The Watergate Hotel has embraced its ties to political history. (Mark Gollom/CBC)

"We really embrace that aspect. We don't shy away from it," said Ali Le, marketing manager for the Watergate Hotel.

"It's something that happened here. So in the rebuilding and rebranding, it's something that we wanted to have as part of our identity."

For example, Room 214 has been turned into the "Scandal Room," decorated to "evoke the spirit of the 70s" while including items such as binoculars, a manual typewriter and two custom "coverup" robes.

"No need to break in" is inscribed on the guest key cards, and the front desk hands out pens that say "stolen from the Watergate Hotel."

What was Room 214 at the Watergate Hotel — where G. Gordon Liddy and E. Howard Hunt watched the DNC headquarters — has now been turned into the 'Scandal Room,' where guests find Nixon-era memorabilia and 1970s styling. (Watergate Hotel)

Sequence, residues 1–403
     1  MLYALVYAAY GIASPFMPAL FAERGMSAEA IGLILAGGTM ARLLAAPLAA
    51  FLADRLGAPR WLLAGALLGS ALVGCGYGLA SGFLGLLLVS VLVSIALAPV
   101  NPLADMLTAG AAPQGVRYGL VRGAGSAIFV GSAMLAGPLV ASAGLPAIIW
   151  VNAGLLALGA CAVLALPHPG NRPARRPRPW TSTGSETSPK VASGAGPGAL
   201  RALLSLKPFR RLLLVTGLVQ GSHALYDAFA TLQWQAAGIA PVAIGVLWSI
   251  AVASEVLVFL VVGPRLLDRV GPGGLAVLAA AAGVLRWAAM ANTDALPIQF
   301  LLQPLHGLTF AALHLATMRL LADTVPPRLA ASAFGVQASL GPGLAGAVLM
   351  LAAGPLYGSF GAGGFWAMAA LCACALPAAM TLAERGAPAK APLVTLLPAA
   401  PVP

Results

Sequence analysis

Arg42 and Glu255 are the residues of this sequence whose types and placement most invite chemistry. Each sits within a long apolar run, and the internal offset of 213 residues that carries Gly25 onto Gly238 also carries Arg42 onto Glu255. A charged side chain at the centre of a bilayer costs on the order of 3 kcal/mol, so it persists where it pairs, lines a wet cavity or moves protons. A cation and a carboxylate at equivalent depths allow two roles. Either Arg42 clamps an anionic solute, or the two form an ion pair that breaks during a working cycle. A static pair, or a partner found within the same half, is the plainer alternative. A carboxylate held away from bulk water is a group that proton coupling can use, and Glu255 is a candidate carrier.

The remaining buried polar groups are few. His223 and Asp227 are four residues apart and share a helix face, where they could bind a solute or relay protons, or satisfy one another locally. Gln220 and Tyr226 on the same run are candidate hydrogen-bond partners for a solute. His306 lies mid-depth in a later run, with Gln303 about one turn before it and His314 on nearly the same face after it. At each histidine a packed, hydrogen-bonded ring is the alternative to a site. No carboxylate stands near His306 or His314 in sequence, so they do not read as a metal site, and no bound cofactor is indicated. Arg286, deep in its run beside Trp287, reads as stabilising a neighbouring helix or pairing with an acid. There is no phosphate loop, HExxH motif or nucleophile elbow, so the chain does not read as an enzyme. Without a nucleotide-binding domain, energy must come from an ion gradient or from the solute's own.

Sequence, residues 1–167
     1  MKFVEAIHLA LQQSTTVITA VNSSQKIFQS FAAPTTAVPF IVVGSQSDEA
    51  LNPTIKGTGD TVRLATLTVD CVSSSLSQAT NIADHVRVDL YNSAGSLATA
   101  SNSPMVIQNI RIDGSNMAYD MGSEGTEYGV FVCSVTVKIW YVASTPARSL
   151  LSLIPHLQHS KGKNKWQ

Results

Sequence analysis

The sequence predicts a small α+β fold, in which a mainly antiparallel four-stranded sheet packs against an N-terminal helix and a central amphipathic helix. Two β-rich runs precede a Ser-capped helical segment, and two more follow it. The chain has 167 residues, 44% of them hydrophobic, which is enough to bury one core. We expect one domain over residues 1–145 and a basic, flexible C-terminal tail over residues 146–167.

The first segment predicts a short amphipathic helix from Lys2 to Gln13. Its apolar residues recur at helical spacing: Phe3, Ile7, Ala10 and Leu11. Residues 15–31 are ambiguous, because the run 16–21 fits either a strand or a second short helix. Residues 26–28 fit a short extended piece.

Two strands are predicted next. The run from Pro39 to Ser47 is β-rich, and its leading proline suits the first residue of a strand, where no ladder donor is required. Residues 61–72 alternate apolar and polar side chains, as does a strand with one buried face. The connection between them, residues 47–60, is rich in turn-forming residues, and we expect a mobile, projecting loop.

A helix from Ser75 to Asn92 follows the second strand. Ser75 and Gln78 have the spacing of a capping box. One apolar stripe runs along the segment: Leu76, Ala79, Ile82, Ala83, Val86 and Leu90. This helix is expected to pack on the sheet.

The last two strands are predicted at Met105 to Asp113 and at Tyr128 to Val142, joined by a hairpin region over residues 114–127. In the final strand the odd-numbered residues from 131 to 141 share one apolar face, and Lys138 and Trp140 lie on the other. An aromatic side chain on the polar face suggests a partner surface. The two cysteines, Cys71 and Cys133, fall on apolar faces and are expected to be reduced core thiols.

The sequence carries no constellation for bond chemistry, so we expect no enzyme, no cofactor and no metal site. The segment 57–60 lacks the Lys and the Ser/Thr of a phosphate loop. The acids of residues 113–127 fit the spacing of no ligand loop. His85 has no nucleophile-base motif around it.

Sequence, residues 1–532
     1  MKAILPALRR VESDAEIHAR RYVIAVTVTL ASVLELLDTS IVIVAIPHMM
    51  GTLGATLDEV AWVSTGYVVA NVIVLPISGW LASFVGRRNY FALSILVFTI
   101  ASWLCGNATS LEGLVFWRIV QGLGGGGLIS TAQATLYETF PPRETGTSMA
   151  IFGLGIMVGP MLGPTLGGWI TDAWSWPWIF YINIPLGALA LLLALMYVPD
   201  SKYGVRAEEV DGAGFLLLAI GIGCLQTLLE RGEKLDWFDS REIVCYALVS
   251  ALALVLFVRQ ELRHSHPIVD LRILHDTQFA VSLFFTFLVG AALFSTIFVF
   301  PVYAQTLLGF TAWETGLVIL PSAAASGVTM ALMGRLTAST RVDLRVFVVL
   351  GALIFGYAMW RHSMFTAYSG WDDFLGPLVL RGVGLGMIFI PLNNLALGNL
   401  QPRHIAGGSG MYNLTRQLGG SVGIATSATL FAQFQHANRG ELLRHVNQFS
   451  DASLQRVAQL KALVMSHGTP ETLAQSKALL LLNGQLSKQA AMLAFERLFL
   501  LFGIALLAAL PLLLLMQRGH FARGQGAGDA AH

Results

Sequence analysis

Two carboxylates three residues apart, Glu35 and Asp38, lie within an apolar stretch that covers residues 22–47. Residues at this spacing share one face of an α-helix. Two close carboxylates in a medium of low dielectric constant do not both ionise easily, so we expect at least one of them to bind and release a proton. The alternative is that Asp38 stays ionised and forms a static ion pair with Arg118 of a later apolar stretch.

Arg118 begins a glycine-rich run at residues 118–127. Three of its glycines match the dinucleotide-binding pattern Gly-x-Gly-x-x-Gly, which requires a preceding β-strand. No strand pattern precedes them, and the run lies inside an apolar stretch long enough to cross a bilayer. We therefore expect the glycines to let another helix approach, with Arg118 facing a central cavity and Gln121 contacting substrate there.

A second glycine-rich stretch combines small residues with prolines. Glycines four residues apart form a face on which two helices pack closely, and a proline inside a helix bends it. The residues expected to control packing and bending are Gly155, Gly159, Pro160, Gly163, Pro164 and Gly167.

Former DNC office now a historic site

As for the site of the break-in, the Democratic National Committee office has long since moved out. Currently, that office is occupied by Sage Publishing.

But the publishing company has also ensured that the Watergate legacy not be forgotten. One room has been named the Nixon Room and holds memorabilia from the Watergate era, including framed papers of that time denoting different aspects of the scandal.

It has a plaque that reads "Historical Site" and notes that the burglars were arrested "at this spot in the Watergate office complex."

The former DNC office is now occupied by Sage Publishing. But the publishing company has also ensured that the Watergate legacy not be forgotten — including a plaque that shows where the burglars were arrested. (Mark Gollom/CBC)